It probably won’t have escaped your notice that today has special significance in popular culture. Yes, today is The Future!
While it’s true that we don’t have flying cars, hoverboards or 18 installments of the Jaws franchise to watch on our Sky box set collection (with a new one hitting cinema screens today), there are quite a few things that Back to the Future II got right about October 21 2015.
The mainstream media have delighted in creating entertaining segments on TV and articles in newspapers about this, pointing out that video calls, 3D movies, flatscreen TVs, fingerprint recognition devices and all manner of other predictions are now part of our everyday lives. But what would a University of Portsmouth student from 1985 think about their library if they could visit it now, from the past? In the spirit of the day, I decided to get all Marty McFly, and find out!
The first year undergraduates of 1985 would have been born in about 1967. They will have gone through school listening to the music of the 70’s, and playing in the streets. When they found themselves at Portsmouth Polytechnic (as it then was) they would have been among a far smaller cohort than that of today, with numbers in the hundreds rather than the thousands. Approaching the library from Cambridge Road they would have walked past a collection of pre-fabricated classrooms and then down a path into Ravelin Park to find the entrance, situated on the side of the building in a larger and more open green space than remains there today. They wouldn’t have imagined automatic doors or turnstiles…
The library catalogue of 1985 was arranged on a card system, filed in small drawers, with dowling rods to keep them in place. Special collections had paper lists. An undergraduate of this time wouldn’t have imagined a computerised catalogue, never mind a Discovery search or the many and varied databases students today take for granted. They wouldn’t understand self service, the returns sorter, or the information kiosks. They would be amazed by the group study room keypads, and the endless rows of computers we have. Laptops would have seemed impossible, and as for tablet computers and mobile phones which access the internet… witchcraft!
Some things though, would be very familiar. The inside of the building, in it’s oldest section, would be structurally very recognizable. The shelves on the upper floors of this area too, would be as they knew them, albeit in a slightly different arrangement. They would have recognized the red filing cabinets too, and if they explored as far as the second floor, possibly even some of the chairs!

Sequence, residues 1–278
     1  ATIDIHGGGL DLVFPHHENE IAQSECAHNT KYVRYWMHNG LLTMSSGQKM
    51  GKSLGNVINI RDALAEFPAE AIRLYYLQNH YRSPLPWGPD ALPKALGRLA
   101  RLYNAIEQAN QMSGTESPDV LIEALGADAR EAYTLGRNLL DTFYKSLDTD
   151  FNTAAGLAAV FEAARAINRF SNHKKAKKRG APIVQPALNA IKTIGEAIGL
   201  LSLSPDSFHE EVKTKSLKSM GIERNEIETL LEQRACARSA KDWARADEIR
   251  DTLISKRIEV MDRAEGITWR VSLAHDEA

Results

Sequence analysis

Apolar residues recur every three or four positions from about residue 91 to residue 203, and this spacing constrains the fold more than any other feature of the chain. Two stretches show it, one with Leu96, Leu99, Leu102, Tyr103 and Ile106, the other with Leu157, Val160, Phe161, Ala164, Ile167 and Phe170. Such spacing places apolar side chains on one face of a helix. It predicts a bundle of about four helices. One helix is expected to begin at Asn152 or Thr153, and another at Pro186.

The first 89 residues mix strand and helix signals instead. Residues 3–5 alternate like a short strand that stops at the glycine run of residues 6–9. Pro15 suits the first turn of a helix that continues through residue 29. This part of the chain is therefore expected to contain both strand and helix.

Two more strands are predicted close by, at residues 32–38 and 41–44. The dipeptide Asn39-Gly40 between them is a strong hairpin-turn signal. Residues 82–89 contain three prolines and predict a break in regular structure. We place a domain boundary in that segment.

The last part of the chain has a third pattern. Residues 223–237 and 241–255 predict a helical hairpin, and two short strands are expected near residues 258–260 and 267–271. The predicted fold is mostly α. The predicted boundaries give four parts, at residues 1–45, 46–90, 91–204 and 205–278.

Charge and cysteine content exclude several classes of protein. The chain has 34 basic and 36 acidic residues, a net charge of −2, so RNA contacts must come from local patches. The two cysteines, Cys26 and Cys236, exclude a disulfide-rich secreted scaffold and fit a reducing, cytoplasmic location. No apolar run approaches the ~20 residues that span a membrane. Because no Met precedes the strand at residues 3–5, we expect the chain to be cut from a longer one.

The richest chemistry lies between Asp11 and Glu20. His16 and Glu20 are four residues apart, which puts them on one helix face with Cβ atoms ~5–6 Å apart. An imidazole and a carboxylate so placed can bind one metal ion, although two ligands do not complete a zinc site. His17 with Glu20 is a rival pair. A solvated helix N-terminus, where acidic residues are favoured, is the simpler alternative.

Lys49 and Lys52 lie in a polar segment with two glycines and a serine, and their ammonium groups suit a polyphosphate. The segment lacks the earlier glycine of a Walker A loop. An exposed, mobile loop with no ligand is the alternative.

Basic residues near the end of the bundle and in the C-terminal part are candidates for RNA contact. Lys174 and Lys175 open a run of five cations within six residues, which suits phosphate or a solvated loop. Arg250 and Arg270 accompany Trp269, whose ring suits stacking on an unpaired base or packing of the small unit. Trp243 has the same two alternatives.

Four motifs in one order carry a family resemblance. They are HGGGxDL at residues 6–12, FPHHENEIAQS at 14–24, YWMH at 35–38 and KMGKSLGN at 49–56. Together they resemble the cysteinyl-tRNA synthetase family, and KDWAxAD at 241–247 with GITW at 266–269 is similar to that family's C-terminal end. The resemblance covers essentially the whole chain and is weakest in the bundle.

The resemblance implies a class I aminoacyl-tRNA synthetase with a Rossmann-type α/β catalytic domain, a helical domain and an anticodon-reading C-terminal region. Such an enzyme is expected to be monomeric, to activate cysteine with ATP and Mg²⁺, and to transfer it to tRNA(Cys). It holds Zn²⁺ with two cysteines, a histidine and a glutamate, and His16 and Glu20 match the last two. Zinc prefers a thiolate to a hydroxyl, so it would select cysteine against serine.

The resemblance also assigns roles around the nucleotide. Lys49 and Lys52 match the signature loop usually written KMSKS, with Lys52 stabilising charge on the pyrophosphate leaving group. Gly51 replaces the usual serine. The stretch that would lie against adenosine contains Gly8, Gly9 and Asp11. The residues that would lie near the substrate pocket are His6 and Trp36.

Services would have been unfamiliar however, with the issue and returns desk replaced by automated alternatives. It’s possible they wouldn’t be surprised to see IT staff working alongside librarians, but that could only be because there is such a wealth of technology in front of them. They may be startled to come across staff roaming around the building rather than sitting behind desks, offering help among the shelves and where people are studying. And they would almost certainly be amazed to discover that you can get help from a librarian in real time by typing onto a screen using online chat.
While it’s undoubtedly true that some of our books have been on the shelves continually since 1985, the wider variety of subjects studied and the range of books available today would probably impress them. If they were told about our huge ebook collection they would scarcely believe it could be real, let alone be available from anywhere at any time.
If they’d wanted a drink or snack in 1985 they’d have to have left the library and headed over to the recently opened Students Union building at the south-east of Ravelin Park. They’d find the concept of a cafe inside the library unthinkable, and struggled to reconcile eating and drinking with study within it’s walls. I doubt they’d understand what a vanilla chai tea or skinny mochaccino were if they did venture as far as the cafe counter, where they might have expected a choice between tea or coffee. The same would be true of the more social aspects of behaviour in the library, with the relaxed seating, group study areas and movable furniture of today seeming inappropriate within the setting.
Walking around and observing student activity, they would most likely be fascinated to see that it was possible to watch television programmes on computers and mobile devices. They might also be bemused to see people still watching the antics of Walfords finest in Eastenders, which had only just launched on the BBC in 1985. Streaming news channels broadcasting onto plasma screens inside the library might seem strangely intrusive to them. And coming from a time when the Nintendo entertainment system had only just been released (with it’s flagship game Super Mario Brothers) they would also be amazed to see how far computer gaming has come…not that we see anyone playing games on the library PC’s…no, not us…
I’d like to think that our 1985 fresher would, with all the customer service focused staff we have on hand, be able to navigate their way around the hugely enlarged, semi-re-purposed, and several times refurbished library without too many difficulties. Maybe our terminology would confuse them though, maybe the more informal relationship between staff and students would make them feel uncomfortable? Would they feel overwhelmed by the sheer amount of information on offer to them? Trading a collection of heavy, bound copies of indexes and abstracts for the almost impossibly small but unbelievably powerful searching of the internet might be too overwhelming to cope with.
Perhaps the thing they’d be most surprised by though, if they visited today, would be that the member of staff on the enquiry desk was wearing a Back to the Future T-shirt…